HOUSTON - It’s the last thing you want to deal with during your morning rush -- a stolen catalytic converter. However, it’s happening more often across the country, and like so many things gone wrong in recent times, the pandemic is partly to blame.
The National Insurance Crime Bureau says economic issues from the pandemic and the rising price of precious metals are creating the perfect storm for an increase in thefts of catalytic converters.
"Precious metals are investors’ ‘go-to’ in a time of crisis, and a pandemic is no different," says President & CEO David Glawe. "The price of rhodium and palladium which are in your catalytic converters- they’re what prevents corrosion- is right now at an all-time high."
The company reports that thefts of the part are also at an all-time high, up 300% since last year.
In 2018, NICB recorded an average of 108 catalytic converter thefts per month. In 2019, it more than doubled to 282 thefts on average per month; and in 2020, it rocketed to 1,203 thefts on average per month.
"You can be in and out in under a minute. Vehicles that are high off the ground are more susceptible [like] trucks and RV’s," says Glawe.
Texas is listed as one of the top five states where the rise in thefts is happening. The Harris County Sheriff’s Office also reported that catalytic converter thefts had tripled in 2020.
Richard Davison says he has witnessed it firsthand. He heads up security at A Rocket Moving and Storage on the south side of Houston.
"They’ll venture in here and make excuses to be in here -- 3:45, 4 o’clock in the morning you shouldn’t be here," he describes his late shift as a time when people try to take advantage of nightfall.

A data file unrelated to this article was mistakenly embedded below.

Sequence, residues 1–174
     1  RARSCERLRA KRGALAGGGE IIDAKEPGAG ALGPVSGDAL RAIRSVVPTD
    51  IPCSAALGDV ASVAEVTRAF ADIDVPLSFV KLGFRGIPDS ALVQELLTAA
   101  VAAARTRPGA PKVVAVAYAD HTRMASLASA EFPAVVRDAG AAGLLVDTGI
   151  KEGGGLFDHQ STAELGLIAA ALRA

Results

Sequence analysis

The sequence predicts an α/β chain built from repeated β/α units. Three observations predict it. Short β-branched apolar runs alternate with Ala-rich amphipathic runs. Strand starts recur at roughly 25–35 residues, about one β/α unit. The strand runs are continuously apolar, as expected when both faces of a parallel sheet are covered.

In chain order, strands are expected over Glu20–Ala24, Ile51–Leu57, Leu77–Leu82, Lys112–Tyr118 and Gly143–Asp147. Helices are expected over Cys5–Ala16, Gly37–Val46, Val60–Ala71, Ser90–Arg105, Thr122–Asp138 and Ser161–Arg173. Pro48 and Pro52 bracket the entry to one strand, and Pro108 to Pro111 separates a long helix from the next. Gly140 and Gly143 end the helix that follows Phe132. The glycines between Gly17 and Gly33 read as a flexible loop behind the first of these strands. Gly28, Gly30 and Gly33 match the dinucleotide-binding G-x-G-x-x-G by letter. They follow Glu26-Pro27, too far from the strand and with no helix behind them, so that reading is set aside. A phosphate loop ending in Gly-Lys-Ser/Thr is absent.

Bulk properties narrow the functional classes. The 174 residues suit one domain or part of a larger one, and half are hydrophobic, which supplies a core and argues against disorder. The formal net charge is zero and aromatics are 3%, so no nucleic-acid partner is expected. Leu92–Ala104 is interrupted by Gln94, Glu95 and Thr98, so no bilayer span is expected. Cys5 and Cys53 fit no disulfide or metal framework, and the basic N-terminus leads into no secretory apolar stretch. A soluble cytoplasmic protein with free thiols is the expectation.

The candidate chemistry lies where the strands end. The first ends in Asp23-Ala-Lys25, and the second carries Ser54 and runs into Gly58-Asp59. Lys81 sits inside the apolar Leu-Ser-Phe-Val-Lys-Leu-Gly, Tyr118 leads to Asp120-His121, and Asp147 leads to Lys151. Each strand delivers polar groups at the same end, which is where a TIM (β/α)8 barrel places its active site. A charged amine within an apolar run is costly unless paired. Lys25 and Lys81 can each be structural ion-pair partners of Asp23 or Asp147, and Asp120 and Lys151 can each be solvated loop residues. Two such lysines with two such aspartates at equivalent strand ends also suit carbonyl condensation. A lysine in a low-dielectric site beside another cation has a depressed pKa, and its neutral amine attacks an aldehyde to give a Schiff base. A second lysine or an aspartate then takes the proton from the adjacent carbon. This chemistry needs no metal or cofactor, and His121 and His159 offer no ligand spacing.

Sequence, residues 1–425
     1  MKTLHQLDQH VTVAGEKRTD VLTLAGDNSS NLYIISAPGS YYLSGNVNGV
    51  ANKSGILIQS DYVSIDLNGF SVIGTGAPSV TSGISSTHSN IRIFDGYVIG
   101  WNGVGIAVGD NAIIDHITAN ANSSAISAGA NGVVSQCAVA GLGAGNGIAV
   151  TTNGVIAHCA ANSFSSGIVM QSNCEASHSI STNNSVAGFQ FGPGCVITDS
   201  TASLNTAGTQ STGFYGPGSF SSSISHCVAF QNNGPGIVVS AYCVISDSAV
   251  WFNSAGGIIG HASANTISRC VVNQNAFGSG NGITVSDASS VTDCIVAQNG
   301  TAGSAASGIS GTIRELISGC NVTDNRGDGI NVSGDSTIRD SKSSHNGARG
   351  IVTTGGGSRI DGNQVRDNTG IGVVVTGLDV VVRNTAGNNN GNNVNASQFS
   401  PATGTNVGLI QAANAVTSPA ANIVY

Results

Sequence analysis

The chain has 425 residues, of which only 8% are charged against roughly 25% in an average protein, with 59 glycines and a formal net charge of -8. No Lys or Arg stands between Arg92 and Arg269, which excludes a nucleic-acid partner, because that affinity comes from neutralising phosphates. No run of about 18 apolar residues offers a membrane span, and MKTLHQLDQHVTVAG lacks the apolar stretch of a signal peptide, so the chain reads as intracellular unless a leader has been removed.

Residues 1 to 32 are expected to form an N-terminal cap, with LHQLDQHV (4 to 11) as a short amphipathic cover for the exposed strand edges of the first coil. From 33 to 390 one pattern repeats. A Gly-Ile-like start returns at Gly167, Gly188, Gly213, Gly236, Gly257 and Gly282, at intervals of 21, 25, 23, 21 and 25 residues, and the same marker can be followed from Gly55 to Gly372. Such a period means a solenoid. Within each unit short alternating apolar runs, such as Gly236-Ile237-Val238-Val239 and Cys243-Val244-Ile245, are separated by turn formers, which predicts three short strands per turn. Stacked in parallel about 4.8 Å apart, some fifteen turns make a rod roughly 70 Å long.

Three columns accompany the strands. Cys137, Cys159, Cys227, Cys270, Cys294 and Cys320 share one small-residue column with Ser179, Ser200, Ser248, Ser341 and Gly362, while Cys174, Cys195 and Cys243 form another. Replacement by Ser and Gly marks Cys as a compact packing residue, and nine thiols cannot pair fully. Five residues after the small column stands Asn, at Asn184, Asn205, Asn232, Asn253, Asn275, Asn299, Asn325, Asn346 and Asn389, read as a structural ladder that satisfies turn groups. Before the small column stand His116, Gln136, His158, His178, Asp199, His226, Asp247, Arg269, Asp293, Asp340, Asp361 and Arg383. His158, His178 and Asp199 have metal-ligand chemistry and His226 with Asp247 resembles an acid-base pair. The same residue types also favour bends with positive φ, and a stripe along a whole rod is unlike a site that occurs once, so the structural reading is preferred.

He says last August, two of their moving trucks were targeted by a team of catalytic converter thieves. They didn't find out about the theft until the next morning when trying to start the trucks. They later saw the culprits on surveillance footage.
"I think it was a group of professionals because when they were leaving, they had saws in their hands," says Davison.
Lately, he's been hearing similar stories from other businesses in the area.
"The people that are buying them, that they’re taking them to- if they question the legitimacy of the product that they’re bringing, this would stop that," he adds.
Thieves can get a couple of hundred bucks for the part, but a repair for the owner may cost a couple thousand.
Davison says in the fall of 2020 it cost $1,200 apiece to replace the parts on both trucks, and prices have risen since.
In response to the thefts, his team has added more security measures—upgraded cameras, and shifts around the clock to prevent someone else from making a quick buck where they could land an honest opportunity instead.
"You don’t have to come here through the back door and take something. You can come through the front door. [The owner] will give you a job where you can make something," he says.
Anti-theft devices for catalytic converters are available; they average $100 and $200.
The NICB also recommends checking with your insurance company to make sure you are covered in case of theft.